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How does Coast FIRE work?

As part of the traditional FIRE movement, savers plan to retire early when they have enough passive income coming in each year to meet their expenses.

On the other hand, the Coast FIRE strategy entails aggressively saving and investing until you meet a target amount that will eventually grow to be enough to support you in your golden years.

The idea is to save and invest earlier in your life so that you can then “coast” and only worry about basic living expenses knowing the power of compound interest and your existing investment portfolio will ensure your needs are covered during your golden years.

Your FIRE number is usually calculated by multiplying your estimated annual expenses by 25 (assuming you’ll spend 25 years in retirement). So, for example, if you think you’ll need $40,000 a year to cover your costs in retirement, your savings target would be $1 million.

However, Coast FIRE operates under a couple of assumptions — your expected annual rate of return from your investments and how much time it’ll take to grow them:

FIRE number / (1 + annual average rate of return of your investments)(time in years to grow your investment) = Coast FIRE number

So, if you’ve set your FIRE number at $1 million, expect an annual average return of 10% on your investments and expect to retire in 25 years, you’ll need to have saved roughly $36,363 before you can start coasting and stop putting more funds toward your investments.

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Why Dogen doesn’t believe you can just ‘coast’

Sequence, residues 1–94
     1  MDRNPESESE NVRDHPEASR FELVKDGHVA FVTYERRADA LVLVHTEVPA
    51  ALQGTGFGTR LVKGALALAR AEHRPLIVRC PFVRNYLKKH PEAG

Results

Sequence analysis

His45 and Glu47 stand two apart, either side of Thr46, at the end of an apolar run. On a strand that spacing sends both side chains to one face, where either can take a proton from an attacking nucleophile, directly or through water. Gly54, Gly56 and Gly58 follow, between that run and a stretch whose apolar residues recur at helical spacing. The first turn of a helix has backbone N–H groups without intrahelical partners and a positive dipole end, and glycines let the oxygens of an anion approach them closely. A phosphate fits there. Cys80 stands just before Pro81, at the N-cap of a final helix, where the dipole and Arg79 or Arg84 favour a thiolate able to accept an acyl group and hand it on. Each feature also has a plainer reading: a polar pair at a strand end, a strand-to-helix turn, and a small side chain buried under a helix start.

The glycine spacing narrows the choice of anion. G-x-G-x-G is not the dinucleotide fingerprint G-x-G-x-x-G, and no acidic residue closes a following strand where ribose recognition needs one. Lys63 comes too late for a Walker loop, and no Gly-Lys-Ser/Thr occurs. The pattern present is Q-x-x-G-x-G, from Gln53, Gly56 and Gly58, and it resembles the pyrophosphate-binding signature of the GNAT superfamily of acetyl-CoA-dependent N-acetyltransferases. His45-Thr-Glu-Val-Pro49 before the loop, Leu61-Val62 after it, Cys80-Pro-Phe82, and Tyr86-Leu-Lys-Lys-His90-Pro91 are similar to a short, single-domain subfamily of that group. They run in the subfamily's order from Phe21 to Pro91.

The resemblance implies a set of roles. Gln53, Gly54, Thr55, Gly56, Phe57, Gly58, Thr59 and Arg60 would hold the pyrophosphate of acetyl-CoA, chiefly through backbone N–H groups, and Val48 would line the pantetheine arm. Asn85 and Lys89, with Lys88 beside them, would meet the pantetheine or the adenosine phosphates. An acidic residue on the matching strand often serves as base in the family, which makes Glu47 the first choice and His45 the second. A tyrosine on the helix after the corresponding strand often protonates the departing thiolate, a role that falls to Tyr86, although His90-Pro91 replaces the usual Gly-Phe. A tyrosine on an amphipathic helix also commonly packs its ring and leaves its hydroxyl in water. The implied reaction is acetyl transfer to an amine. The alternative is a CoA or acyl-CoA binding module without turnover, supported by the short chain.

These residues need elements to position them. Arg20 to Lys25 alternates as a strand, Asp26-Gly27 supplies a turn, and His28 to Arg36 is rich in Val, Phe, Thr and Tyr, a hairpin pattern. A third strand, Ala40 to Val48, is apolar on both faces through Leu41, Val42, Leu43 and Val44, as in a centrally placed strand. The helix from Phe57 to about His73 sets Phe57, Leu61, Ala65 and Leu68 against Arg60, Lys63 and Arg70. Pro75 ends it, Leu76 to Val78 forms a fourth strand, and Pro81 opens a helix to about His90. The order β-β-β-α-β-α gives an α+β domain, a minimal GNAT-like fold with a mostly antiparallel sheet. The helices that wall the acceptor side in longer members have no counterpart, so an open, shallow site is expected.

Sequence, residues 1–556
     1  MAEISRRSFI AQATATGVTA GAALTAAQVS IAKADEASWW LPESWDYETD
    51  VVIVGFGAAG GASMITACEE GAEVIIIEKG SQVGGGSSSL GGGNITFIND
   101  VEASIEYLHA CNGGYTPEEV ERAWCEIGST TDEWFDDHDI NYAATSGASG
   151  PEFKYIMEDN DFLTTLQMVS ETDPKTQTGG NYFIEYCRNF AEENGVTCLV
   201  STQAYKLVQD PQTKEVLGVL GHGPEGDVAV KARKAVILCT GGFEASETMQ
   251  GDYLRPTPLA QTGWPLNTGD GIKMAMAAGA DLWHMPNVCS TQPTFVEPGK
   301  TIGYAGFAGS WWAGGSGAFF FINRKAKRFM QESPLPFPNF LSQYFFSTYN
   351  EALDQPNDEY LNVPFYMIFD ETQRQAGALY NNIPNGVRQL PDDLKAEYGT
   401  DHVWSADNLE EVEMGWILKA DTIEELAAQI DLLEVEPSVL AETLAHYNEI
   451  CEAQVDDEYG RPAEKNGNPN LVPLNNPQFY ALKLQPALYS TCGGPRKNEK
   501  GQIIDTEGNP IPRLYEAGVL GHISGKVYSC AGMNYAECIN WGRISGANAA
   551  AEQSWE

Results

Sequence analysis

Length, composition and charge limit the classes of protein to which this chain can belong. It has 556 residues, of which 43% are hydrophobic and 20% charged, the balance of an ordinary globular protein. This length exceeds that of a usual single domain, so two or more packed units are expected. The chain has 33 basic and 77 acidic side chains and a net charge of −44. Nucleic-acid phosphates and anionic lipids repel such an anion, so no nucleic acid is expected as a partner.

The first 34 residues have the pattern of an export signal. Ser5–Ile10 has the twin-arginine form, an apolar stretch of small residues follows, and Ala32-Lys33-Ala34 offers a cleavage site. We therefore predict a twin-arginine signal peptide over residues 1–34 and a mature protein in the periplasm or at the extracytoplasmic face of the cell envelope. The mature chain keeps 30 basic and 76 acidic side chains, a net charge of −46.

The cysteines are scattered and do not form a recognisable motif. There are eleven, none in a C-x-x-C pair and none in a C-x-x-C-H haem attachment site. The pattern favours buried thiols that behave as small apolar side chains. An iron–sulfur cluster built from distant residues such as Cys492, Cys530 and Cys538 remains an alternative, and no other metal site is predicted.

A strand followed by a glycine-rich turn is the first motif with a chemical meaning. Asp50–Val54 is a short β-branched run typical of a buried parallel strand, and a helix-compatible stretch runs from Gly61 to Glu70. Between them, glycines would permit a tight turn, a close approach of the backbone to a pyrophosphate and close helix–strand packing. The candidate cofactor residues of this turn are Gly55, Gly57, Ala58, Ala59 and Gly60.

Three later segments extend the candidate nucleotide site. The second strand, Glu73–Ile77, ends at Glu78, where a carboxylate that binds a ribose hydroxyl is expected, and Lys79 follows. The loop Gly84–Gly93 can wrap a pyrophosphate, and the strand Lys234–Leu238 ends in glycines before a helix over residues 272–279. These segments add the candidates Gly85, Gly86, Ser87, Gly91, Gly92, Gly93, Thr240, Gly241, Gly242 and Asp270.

Dogen says you’re technically not financially independent unless you can just quit your job tomorrow and live off your savings and passive income — which is what he did. So, he doesn’t believe you can attach the FIRE label to this retirement strategy.

But, he also has concerns with folks anticipating a set return on their investments, since the stock market isn’t always steady. The other problem is that down the road, your expenses could look very different from today’s.

When Dogen retired in 2012, he intended to put his $80,000 a year toward a simple life on his grandfather’s mango farm in Hawaii. But that’s not what happened.

Dogen decided to stay in pricey San Francisco and ended up having two kids with his wife. He also recently splurged on a new home in the Bay Area by selling a decent chunk of his stocks and bonds.

This move set him back from making about $380,000 a year in passive income to about $230,000 — which he claims is no longer enough to cover his family of four’s living expenses.

Starting in September, he expects his annual expenses to include $80,400 for tuition at a private Mandarin immersion school, $68,400 for housing costs and $26,400 for food (including weekly date nights).

Now, Dogen says he or his wife (or both of them) will need to re-enter the labor market and make a new plan to reach FIRE once more.

“I was happy to live a very simple life, but life turned out differently,” Dogen told CNBC. “And for people to think they have the next 20 years planned out with no changes, that’s irrational thinking.”


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Serah Louis is a reporter with Moneywise.com. She enjoys tackling topical personal finance issues for young people and women and covering the latest in financial news.


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